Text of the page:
As far as we are concerned, we deal with all applicants in exactly the same way. If English is not your first language, please take into consideration this information on English Language Requirements.

Entry requirements

Requirements are:

A. MA degree in a history / history related discipline (we would normally expect a Distinction or Merit level for PhD).

B. Two satisfactory academic references

C. For English Language requirements please see: Admissions Requirements.

D. A detailed research proposal (see no. 7)

A personal statement is not required.

Many of our students do come from history or history-related disciplines, but an undergraduate/postgraduate degree in history is not an inflexible requirement for our programme. We will consider each application on a case-by-case basis.

You can apply during your final year of postgraduate study. Most applicants will not know yet at that stage what their degree result will be and you may be provisionally enrolled on our course if your examination board meets after your PhD start date. You will in this case be expected to confirm your final degree result asap and normally within 6 weeks of the course commencing. Please note that, should you not make the entry requirements, you may be asked to withdraw from the course.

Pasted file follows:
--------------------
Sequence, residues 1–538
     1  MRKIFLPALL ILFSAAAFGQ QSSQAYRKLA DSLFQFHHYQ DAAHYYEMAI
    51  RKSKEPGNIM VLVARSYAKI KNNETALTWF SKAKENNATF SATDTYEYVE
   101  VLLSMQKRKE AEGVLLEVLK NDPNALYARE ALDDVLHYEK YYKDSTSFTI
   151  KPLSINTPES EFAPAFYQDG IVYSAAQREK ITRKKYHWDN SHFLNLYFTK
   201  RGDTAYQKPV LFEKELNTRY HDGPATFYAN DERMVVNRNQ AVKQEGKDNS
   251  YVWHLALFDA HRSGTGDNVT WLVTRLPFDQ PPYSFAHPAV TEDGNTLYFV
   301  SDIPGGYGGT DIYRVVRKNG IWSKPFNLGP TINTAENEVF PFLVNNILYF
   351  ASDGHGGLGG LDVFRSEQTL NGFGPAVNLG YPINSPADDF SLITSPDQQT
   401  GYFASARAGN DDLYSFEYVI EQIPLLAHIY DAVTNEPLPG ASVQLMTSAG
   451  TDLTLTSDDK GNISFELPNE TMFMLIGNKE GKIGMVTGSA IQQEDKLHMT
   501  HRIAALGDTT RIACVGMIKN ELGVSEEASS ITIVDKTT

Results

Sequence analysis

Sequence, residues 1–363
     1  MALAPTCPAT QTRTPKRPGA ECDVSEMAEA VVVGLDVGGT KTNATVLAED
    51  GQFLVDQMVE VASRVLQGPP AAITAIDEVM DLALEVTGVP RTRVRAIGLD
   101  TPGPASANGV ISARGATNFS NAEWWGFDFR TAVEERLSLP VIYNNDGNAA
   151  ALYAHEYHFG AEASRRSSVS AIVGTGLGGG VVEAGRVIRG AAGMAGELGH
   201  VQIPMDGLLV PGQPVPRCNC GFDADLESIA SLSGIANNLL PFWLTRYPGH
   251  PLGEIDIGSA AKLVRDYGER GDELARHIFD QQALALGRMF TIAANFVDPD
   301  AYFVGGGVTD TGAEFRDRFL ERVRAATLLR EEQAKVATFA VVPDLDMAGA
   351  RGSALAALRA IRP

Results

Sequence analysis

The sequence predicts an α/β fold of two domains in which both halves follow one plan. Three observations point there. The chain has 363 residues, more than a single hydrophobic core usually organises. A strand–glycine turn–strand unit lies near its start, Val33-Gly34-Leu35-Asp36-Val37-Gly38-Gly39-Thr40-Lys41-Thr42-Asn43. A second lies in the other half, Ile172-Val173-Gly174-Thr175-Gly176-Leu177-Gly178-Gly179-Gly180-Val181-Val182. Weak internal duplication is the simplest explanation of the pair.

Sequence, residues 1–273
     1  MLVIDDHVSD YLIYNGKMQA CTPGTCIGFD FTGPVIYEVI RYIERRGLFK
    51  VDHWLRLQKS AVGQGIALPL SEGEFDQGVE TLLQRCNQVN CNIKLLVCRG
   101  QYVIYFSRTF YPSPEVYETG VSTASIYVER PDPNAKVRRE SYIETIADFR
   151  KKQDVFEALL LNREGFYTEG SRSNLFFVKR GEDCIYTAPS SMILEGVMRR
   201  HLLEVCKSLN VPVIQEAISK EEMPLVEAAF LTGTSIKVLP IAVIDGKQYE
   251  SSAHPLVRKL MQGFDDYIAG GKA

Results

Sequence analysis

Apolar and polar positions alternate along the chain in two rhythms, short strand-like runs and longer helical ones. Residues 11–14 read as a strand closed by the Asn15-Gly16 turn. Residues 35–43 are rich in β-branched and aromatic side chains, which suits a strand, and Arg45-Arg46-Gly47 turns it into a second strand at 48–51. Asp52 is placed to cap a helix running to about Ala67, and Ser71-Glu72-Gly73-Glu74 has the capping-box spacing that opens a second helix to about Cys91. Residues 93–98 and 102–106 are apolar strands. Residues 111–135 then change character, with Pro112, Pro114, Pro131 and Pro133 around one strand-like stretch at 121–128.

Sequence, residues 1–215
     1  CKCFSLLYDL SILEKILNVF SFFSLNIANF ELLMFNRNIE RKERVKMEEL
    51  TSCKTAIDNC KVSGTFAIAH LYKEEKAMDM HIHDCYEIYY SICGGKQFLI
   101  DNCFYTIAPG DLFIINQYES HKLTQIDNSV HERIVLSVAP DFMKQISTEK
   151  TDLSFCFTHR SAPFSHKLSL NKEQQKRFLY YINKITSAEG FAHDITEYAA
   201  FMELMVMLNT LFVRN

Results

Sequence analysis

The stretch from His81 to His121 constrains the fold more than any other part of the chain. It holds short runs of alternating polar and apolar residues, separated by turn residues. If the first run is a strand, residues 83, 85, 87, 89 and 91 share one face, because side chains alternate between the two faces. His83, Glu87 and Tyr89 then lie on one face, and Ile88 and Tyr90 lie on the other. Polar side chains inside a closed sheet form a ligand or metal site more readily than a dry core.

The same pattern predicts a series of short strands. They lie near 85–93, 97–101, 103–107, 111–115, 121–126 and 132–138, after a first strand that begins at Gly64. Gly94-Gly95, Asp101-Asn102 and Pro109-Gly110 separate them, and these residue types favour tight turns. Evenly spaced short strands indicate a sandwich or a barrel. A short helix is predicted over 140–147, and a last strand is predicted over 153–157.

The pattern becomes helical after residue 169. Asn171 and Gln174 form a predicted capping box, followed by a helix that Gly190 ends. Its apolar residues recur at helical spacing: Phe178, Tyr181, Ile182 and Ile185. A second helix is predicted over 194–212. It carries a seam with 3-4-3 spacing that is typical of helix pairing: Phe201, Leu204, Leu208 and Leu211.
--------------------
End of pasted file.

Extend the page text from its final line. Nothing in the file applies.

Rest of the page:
On the application form a predictive grade can be noted, and would be useful if also included in your references.

Due to the documentation required in order to obtain a student visa, overseas applicants must have completed their MA course AND had their Masters degree officially conferred at least 6-8 weeks prior to admission. Without having received the original (or attested copy) of the degree certificate or transcript, the University cannot issue a Confirmation of Acceptance of Studies (CAS) letter, which is required for a Tier 4 visa application.

Fees and funding

The fees change on a year-by-year basis. Please check our PG Research Fees web pages for the details of the fees for the coming year. You will also need funds to pay for accommodation and subsistence.